Training Day, by Albert W. Vogt III

Is it too soon to say nice things about Will Smith?  When it came time for the 2002 Academy Awards to be chosen, I was all set for the recently fallen from grace and former Fresh Prince to be handed the Oscar for best actor for his portrayal of Muhammad Ali in Ali (2001).  Instead, it went to Denzel Washington for his Detective Alonzo Harris in Training Day (2001).  It is hard to compare performances.  I am also a little biased as I believe Ali is the greatest boxer who ever lived, and somebody who actually stood for something positive.  While I am not necessarily poo pooing Washington’s acting chops, what I am against is the role he filled, and us as a society rewarding it.  The Academy rare awards villains, and Detective Harris, as we shall see, exactly fits that description.  Call me a square Catholic, but I prefer to reward the good guys.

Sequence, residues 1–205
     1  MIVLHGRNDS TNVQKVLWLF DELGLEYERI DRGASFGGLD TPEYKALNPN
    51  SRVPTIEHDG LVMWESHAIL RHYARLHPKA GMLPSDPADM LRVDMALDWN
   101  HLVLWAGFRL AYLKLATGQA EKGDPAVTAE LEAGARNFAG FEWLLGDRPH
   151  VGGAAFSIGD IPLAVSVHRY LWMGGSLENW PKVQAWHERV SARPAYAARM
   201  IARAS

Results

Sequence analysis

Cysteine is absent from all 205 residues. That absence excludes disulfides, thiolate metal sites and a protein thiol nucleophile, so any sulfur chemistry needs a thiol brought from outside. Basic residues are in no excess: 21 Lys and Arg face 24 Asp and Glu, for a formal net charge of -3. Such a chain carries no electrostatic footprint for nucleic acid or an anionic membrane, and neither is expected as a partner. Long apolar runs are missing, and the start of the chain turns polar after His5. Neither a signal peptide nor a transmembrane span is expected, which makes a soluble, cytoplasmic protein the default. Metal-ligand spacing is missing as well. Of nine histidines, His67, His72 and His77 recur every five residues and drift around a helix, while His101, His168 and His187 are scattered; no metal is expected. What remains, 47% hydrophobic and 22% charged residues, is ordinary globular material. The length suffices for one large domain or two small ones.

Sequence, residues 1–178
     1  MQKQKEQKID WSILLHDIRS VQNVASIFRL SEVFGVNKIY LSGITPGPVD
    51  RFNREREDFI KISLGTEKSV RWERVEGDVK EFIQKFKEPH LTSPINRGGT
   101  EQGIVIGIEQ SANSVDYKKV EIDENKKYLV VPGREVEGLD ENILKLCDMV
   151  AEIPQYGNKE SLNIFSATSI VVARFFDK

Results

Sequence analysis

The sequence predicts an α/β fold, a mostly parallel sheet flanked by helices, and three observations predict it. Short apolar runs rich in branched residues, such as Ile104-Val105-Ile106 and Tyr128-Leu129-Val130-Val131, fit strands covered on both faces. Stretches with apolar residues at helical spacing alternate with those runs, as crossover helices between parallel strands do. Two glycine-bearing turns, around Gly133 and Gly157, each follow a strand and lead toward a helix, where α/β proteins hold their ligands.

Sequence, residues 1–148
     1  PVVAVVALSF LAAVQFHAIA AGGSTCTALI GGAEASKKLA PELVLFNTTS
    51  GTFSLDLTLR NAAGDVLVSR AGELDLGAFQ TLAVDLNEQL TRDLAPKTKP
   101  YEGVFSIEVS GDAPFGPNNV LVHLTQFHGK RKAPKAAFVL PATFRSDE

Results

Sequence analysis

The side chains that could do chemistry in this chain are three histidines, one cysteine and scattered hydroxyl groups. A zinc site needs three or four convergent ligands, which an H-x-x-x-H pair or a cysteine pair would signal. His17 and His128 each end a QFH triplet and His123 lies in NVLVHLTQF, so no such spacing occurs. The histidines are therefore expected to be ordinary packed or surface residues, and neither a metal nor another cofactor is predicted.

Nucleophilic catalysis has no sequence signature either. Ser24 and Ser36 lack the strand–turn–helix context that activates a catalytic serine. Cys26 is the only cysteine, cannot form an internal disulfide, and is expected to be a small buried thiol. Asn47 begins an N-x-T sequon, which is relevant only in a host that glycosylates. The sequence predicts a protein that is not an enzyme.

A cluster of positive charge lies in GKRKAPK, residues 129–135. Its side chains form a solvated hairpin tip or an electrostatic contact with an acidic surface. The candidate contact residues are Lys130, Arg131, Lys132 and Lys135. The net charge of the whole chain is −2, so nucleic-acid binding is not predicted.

The film Training Day is actually about a different detective, Officer Jake Hoyt (Ethan Hawke), and his first day with the Los Angeles Police Department as an undercover narcotics officer.  He goes to meet Detective Harris, and the encounter comes with the ranking person in the unit’s reputation as being a maverick.  Still, Officer Hoyt is excited to do his ride along with Detective Harris and learn the ropes in the toughest parts of the city.  It soon becomes apparent that Detective Harris earned his reputation by doing things in an unconventional manner.  After some time riding around, and listening to Detective Harris talk about some of the things they have to do on a daily basis, but actions which could mean quick promotions, Officer Hoyt’s attention is distracted when he sees an attack happening in an alley.  When he jumps out of the car to stop it, he does so against Detective Harris’ wishes, who says they are only out there because of drugs.  He also takes the perpetrators wallet without a second thought.  This is a recurring theme, as well as collecting many of the drugs and related paraphernalia.  The biggest test comes soon thereafter when Detective Harris suggests that Officer Hoyt smoke some of the phenylcyclohexyl piper (PCP).  When Officer Hoyt refuses, Detective Harris says that in order to catch a criminal, he must become a criminal.  This is not enough to convince the rookie, so he is threatened.  He then complies and is in a drug induced stupor for some time.  As soon as he comes out of it, it is back to work, this time apprehending a dealer named Blue (Snoop Dogg).  Instead of arresting Blue, he leads them to his employer, who is in jail, but Detective Harris takes $40,000 from the incarcerated’s house.  From there, Detective Harris takes his increasingly worried partner with him to a lunch he has with a set of corrupt judges.  They remind him that the Russian mafia is out get him, and he trades the money he stole for a warrant for one of the mob man’s arrest.  The warrant takes them to one of their houses, and along with four other narcotics officers of questionable character, they raid it and this time find $4 million, with Detective Harris taking a quarter of it.  They had been joined by a former LAPD drug officer and friend of Detective Harris, now drug dealer, named Roger (Scott Glenn), who is also there for the profit.  Detective Harris orders Officer Hoyt to shoot Roger, but again Officer Hoyt does not want to comply.  This time, Detective Harris does it himself.  He then uses Roger’s gun to put a bullet into Detective Jeff’s (Peter Greene) Kevlar vest, though one of them penetrates and wounds him.  The idea is to make Roger’s murder look like self-defense.  It is at this point that Officer Hoyt decides he has had enough, grabs a shot gun, and points it at the dirty cops.  Detective Harris reminds Officer Hoyt that if he were to turn them in, they would have to tell the police about the PCP in his system, thus ending the young cop’s career before it could get started.  Defeated for the moment, Officer Hoyt stands down and they leave.  As they go, Detective Harris says that they need to visit the family of one of his informants, who is also a gang member, named Smiley (Cliff Curtis).  While Detective Harris takes care of his shady business, more is revealed about why the Russian mafia is after him.  He had beaten to death one of their members in Las Vegas, and they have demanded that he pay them $1 million to smooth over the situation.  It also become apparent that this is a set up to have Officer Hoyt killed.  Though he tries to fight his way out, the others subdue him and are about to execute the cop.  Before this can take place, they find evidence of the rape victim that he had earlier saved, he turns out to be Smiley’s cousin.  A phone call to said cousin corroborates the story, and Officer Hoyt is spared.  Now freed, he is determined to confront Detective Harris.  Officer Hoyt finds Detective Harris with his mistress, Sara (Eva Mendes).  There is a brief shoot out that spills into the street where several gang members, tired of Detective Harris’ control, do nothing despite his demands.  Instead, Officer Hoyt takes the money and leaves, intending to turn it in as evidence.  There follows a brief exchange of words with those in the neighborhood before Detective Harris, too, drives away, intending to head to the airport.  His trip is cut short when the Russian mafia catches up to him and guns him down in the street.  We close with Officer Hoyt returning home, reports of Detective Harris’ death being heard in the background.